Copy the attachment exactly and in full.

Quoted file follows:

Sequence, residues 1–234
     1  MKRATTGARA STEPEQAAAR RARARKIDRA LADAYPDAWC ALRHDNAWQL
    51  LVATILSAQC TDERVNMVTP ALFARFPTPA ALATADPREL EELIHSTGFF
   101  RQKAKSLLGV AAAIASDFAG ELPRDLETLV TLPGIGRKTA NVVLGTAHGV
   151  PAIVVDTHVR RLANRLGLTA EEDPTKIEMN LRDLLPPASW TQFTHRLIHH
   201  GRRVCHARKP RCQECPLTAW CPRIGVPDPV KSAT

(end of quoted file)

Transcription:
Sequence, residues 1–234
     1  MKRATTGARA STEPEQAAAR RARARKIDRA LADAYPDAWC ALRHDNAWQL
    51  LVATILSAQC TDERVNMVTP ALFARFPTPA ALATADPREL EELIHSTGFF
   101  RQKAKSLLGV AAAIASDFAG ELPRDLETLV TLPGIGRKTA NVVLGTAHGV
   151  PAIVVDTHVR RLANRLGLTA EEDPTKIEMN LRDLLPPASW TQFTHRLIHH
   201  GRRVCHARKP RCQECPLTAW CPRIGVPDPV KSAT